That is a good question to try and figure out.  I've loved Tim Curry ever since first seeing The Rocky Horror Picture Show, and him playing the part of Darkness in this movie is considered one of his iconic roles.  Despite his Scientology garbage I tend to like many of the movies that Tom Cruise has been in, particularly in the 1990s and 2000s.  Despite the fact I was never a big fan of Cruise until I saw Rain Man (considered him more of a pretty-boy actor that girls were interested in), I can't even say it was the fact he was in the movie that kept me away.  In truth, at one time I could have sworn this starred Matthew Bro…

Black Mirror: Bandersnatch (2018)

I discovered the Black Mirror television series due to an episode of The Orville that had been similar in theme to one of its episodes.  They were obviously not copies of either, but largely a reflection of fears of social media and modern American life.  It was the first time I had found an anthology series in years that did what The Twilight Zone and Tales from the Dark Side did so well: take modern societal concerns and take them to extremes to great effect.

Like most fans I have been waiting for the newest season, and so far what we got is a movie event.  Not only that, but it takes it a step further, making the movie interactive.  As predicted with modern media criticism, the fact that it does not reach some sort of pinnacle of perfection has made it an immediate target for hate and derision from a number of critics, which I hate to say is largely because most of them really got so involved in the gimmick that they didn't realize what the movie itself was trying to say.


Gremlins (1984)

What defines a Christmas movie?  Unfortunately, it's usually sickeningly maudlin, saccharine displays of family and holiday cheer, often times riffing on the same old themes of A Christmas Carol and It's a Wonderful Life.  That may be why so many people are more than happy to include Die Hardalongside Miracle on 34th Street for their holiday viewing.

Despite what some may think, Die Hard, with all its violent themes and satire of '80s movies cliches, is also at heart a movie about a man who just wants to get together with his family (perhaps for the last time) on Christmas.  It has some dark themes, but so do current modern standards like A Christmas Story and National Lampoon's Christmas Vacation.  The best scenes out of both recall not just the happiness of the season (which is largely marketing anyway), but the real stress that families are under, both emotionally and financially, to make this a good time of year for the children.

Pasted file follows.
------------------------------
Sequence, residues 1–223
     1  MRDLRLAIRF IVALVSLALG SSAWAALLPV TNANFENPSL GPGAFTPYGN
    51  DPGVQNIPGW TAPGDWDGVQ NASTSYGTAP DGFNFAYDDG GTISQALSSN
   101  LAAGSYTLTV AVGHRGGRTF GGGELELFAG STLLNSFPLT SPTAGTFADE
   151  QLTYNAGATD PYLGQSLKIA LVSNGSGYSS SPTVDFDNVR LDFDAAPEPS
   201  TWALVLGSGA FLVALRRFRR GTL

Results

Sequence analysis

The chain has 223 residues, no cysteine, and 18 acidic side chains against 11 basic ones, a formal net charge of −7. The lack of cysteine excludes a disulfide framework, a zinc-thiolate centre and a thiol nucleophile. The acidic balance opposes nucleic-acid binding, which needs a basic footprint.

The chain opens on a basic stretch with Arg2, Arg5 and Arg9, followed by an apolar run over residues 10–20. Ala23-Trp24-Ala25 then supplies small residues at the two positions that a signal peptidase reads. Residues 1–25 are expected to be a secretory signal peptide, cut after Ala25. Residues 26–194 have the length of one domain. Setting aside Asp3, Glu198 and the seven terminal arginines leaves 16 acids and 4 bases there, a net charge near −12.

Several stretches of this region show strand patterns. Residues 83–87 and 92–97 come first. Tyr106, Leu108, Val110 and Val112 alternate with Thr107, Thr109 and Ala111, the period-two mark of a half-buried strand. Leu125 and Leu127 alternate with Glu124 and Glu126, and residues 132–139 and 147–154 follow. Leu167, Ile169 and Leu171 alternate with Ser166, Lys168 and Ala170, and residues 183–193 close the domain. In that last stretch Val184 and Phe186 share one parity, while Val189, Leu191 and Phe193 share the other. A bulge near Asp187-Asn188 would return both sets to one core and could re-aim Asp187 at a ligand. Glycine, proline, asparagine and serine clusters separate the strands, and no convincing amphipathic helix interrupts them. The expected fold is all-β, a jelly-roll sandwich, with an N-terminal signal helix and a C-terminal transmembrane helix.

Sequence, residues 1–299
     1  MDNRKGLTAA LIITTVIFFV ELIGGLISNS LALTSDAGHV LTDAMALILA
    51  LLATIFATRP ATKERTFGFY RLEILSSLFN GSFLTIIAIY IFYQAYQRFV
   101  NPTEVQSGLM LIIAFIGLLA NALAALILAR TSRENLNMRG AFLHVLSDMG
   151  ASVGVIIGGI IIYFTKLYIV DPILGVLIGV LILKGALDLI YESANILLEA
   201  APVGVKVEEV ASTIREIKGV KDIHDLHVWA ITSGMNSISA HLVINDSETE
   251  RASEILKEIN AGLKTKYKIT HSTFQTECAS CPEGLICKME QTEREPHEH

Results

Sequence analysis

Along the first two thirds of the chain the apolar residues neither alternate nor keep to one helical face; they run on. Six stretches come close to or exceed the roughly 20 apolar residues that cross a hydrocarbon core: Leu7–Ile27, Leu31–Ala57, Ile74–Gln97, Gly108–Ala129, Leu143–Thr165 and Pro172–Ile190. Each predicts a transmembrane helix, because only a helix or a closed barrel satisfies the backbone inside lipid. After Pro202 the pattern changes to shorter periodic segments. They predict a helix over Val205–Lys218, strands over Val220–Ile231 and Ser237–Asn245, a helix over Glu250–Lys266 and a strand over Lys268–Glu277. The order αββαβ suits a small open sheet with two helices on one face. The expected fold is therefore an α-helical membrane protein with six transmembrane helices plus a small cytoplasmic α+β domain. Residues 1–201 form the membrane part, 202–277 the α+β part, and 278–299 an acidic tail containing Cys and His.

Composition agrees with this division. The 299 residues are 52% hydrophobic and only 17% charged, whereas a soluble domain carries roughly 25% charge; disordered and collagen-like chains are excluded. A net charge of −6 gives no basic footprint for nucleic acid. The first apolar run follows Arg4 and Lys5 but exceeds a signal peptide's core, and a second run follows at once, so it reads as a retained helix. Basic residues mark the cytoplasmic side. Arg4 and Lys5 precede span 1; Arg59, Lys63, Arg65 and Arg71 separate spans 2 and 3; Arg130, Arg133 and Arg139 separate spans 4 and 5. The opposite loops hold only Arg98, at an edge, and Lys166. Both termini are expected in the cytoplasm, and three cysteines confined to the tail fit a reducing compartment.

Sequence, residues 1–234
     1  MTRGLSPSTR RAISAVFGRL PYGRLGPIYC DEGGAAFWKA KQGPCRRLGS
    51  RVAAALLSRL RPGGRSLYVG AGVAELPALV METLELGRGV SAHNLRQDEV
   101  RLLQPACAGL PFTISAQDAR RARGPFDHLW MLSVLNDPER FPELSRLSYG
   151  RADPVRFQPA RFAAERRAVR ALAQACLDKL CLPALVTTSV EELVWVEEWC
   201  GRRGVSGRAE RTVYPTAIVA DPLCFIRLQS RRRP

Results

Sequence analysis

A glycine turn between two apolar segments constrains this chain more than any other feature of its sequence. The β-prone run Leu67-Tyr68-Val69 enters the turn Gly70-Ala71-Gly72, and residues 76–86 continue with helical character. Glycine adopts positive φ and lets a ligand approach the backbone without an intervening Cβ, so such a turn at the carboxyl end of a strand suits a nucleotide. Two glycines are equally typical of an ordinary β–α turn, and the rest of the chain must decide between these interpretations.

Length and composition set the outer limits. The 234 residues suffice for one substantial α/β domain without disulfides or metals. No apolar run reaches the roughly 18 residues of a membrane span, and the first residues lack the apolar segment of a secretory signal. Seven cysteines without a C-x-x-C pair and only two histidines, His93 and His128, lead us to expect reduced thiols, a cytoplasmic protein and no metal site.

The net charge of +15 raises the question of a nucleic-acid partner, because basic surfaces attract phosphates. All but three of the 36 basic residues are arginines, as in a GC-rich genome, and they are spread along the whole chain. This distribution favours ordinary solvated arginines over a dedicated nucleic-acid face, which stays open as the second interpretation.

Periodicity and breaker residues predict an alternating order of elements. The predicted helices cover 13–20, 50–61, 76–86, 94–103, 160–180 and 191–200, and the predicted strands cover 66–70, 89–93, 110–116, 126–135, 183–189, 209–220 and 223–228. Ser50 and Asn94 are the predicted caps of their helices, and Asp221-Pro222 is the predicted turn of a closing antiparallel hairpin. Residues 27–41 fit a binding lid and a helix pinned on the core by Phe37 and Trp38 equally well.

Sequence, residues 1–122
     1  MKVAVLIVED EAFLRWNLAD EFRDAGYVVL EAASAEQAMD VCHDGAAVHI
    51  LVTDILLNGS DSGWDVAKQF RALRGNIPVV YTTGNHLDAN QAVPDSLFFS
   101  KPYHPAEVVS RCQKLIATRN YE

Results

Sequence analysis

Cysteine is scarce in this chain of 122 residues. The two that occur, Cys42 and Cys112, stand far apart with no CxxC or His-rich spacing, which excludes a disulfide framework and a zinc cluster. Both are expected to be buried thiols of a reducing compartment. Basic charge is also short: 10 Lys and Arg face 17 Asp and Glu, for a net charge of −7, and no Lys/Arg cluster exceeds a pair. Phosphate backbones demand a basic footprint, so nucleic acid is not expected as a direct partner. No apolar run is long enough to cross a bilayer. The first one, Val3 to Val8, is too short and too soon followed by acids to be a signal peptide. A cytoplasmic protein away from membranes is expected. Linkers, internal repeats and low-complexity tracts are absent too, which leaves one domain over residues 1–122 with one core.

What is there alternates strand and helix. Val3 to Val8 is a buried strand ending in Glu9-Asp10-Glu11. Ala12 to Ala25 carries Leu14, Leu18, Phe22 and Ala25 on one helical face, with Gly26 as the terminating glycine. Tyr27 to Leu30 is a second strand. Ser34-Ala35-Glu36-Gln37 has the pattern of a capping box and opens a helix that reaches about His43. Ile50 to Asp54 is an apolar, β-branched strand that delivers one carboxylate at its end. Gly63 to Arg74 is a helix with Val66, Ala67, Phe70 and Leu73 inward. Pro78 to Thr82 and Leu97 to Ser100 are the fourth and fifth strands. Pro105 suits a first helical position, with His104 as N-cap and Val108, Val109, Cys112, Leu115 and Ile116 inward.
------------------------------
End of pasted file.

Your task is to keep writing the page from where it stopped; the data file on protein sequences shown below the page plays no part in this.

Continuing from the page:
Gremlins takes many of those dark u…

Kick-Ass 2 (2013)

Kick-Ass, though flawed in a number of ways, was still quite interesting in the way that it tried to be different.  The heroes were motivated in some ways to do good, but Big Daddy had no problem embracing what he would have to become to achieve his goals.  He knew what he had done to his daughter but, unlike his former partner Marcus, had no regrets about the choices he made.  He had a single purpose: bring down Frank D'Amico's underworld empire. 

In the end, though Big Daddy died violently on a live broadcast, his goal was met when Dave Lizewsky (Aaron Taylor-Johnson), aka Kick-Ass, killed D'Amico by shooting him out a window with a bazooka.  Kick-Ass the superhero came into his own and, in truth, really reached the end of his ark.  Mindy McCready (Chloe Grace-Moretz), otherwise known as Hit Girl, reached hers as well, avenging the deaths of both her mom and her dad at D'Amico's hand.

There was one factor left unfulfilled: Frank's son Chris (Christopher Mintz…